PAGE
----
County unemployment drops to 6.6% as resurgent virus threatens recovery

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A general view of boarded-up shops along 5th Avenue in the Gaslamp Quarter during the coronavirus pandemic on November 21, 2020 in San Diego. (Photo by Sandy Hufaker/Getty Images)

SAN DIEGO (CNS) – The unemployment rate in the San Diego-Carlsbad area dropped to 6.6% in November, down from 7.5% in October but above the year- ago estimate of 2.9%, according to figures released Friday by the state Employment Development Department.

The statewide unadjusted unemployment rate was 7.9%, down from 9% in October. The rate is 6.4% for the nation, down from 6.6% during the same period.

Although the rate dropped, a large reduction in the number of people looking for work was largely responsible for the decline, particularly among women who have dropped out of the workforce to care for children or elderly parents, according to the San Diego Workforce Partnership. Even at its current level, the unemployment rate is more than double its pre-pandemic level.

According to the EDD, total non-farm employment in San Diego County increased by 14,300 jobs month-over-month — from 1,412,000 to 1,426,300 — while farm employment contracted from 9,500 to 9,200.

The region lost 97,700 non-farm jobs and 400 agricultural jobs over the year.

The region’s unemployment rate rose to 15% in May during the COVID-19 pandemic, according to EDD data, while data from the San Diego Association of Governments showed rates of nearly 30% unemployment in May.

The November data reported Friday does not include the impact of regional stay-at-home orders imposed in regions with fewer than 15% of their intensive care unit beds available. Thursday’s data from the state claimed Southern California had filled its ICU beds as the COVID-19 pandemic worsens, but San Diego County health officials reported 16% of local beds were still available.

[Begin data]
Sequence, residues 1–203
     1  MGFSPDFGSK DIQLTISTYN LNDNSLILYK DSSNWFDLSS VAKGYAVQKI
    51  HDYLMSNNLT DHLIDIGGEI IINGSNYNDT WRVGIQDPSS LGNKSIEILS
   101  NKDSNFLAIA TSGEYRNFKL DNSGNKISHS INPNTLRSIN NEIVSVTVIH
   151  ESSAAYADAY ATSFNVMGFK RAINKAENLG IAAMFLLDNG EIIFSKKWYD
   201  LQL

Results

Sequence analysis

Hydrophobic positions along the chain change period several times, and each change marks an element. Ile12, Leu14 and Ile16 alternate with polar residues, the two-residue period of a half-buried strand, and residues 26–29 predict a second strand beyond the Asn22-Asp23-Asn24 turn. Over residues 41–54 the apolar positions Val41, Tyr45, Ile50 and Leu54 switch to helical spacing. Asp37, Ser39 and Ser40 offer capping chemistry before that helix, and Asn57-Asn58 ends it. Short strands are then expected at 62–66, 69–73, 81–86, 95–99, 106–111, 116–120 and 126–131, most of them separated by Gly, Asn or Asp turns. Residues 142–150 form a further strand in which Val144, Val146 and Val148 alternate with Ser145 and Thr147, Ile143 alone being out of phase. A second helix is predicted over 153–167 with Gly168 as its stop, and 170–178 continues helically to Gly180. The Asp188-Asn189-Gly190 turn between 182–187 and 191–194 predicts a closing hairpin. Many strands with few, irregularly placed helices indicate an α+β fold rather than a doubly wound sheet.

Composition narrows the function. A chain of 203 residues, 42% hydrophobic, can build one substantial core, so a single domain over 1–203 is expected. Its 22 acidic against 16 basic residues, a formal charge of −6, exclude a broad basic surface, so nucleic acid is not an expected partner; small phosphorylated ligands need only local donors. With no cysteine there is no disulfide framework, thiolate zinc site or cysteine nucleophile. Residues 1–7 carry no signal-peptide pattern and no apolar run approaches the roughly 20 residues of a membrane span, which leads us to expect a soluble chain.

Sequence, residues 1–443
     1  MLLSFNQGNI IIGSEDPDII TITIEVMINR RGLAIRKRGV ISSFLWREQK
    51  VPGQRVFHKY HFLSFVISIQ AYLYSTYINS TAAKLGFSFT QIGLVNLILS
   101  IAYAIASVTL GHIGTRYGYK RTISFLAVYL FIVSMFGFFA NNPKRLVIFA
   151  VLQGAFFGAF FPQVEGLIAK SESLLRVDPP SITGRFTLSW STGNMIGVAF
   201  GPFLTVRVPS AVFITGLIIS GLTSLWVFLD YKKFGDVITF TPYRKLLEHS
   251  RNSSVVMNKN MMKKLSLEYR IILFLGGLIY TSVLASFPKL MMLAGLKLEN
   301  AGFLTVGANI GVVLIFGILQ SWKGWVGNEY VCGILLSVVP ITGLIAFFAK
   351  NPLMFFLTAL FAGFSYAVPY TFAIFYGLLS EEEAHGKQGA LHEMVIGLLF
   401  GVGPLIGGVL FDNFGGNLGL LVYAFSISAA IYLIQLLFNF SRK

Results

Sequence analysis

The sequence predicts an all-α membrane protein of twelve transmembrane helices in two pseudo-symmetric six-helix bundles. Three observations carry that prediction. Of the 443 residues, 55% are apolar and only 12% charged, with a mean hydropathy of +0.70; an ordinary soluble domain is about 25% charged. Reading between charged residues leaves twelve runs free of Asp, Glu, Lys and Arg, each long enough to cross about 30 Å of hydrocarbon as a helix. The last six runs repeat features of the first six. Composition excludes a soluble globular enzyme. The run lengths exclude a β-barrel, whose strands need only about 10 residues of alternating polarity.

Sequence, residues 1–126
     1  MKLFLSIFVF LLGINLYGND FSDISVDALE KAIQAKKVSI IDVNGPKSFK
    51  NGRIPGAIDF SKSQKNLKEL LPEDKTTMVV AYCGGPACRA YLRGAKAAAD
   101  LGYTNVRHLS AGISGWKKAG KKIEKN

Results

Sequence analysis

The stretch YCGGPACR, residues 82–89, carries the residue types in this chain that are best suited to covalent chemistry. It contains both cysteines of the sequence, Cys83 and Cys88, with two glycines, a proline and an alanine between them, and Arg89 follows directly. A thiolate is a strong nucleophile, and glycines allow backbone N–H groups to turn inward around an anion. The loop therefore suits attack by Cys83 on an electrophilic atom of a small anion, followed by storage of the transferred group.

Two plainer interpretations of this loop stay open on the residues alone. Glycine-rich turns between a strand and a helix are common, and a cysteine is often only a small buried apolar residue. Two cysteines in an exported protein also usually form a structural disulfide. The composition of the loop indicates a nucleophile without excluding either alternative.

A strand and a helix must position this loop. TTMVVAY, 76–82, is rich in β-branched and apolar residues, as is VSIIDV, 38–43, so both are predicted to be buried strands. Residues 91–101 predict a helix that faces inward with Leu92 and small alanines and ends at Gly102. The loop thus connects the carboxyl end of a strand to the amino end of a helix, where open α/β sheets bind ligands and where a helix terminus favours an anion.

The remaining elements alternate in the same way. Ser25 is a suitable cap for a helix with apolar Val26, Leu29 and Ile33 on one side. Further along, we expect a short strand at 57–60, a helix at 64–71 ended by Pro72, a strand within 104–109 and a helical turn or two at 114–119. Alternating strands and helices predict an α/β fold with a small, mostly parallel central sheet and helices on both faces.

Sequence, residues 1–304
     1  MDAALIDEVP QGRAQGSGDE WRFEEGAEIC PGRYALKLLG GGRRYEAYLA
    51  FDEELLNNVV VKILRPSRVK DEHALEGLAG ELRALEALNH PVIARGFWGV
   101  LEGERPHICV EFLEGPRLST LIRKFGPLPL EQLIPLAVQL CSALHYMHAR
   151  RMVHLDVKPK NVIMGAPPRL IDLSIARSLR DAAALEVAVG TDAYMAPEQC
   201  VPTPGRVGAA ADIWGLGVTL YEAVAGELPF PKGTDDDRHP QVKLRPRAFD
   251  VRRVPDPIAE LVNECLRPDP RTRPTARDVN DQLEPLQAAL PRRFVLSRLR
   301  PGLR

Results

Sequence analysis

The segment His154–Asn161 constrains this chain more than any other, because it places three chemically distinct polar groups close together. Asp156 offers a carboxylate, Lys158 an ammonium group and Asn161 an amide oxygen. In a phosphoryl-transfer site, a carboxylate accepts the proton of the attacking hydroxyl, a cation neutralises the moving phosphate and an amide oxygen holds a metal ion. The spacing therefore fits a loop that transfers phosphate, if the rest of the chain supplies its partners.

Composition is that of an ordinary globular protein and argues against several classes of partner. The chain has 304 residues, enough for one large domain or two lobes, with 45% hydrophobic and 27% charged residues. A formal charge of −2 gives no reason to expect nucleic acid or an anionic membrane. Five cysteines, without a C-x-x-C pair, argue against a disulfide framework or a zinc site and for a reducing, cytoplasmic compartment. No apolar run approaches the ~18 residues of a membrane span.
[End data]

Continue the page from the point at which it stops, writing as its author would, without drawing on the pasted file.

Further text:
Lynn Reaser, chief economist for Point Loma Nazarene University, said times are difficult now, but there will be an end to the pandemic.

“The winter solstice underscores an ominous time for San Diego’s economy,” Reaser said. “Many retailers, restaurants, gyms, and personal care businesses will lay off workers or go out of business during the next two to three months.

“Just as the days begin to have more light, however, so will the economy. By late spring or early summer, widespread vaccination will enable a major economic rebound throughout the region,” she said.

Trade, transportation and utilities led all industry sectors in month- over-month job gains at 8,200. Retail trade, up 6,500, and transportation, warehousing and utilities, up 1,800, logged increases in jobs. Within the category of retail trade, clothing and clothing accessories stores — gained 1,500 — and general merchandise stores — up 1,200 — were large contributors to month-over job gains. Wholesale trade payrolls marginally decreased by 100.

Professional and business services added 2,800 jobs to payrolls and administrative, support, waste management and remediation services posted 1,900 month-over employment gains, followed by management of companies and enterprises — up 500 — and professional, scientific and technical services — up 400.

Also adding to payrolls was the government with 1,300 jobs added, financial activities with 1,100, educational and health services with 1,000, manufacturing with 600 and construction up 300 jobs.

The hard-hit leisure and hospitality industry lost 900 jobs, and other services posted a net loss of 100 jobs in the past month.

Mining and logging employment levels remained unchanged.

Comparing year-over-year, leisure and hospitality continue to top the list in jobs lost, with a total of 45,100 jobs lost since last November — 35,300 of which came in accommodation and food services.

Since the same time last year, government lost 17,500 jobs; trade, transportation and utilities 12,000; educational and health services 10,400; other services 9,500; manufacturing 6,400; information 3,700; and financial activities 2,400.

Professional and business services gained 7,300 new jobs and construction grew payrolls by 2,000 year-over-year.

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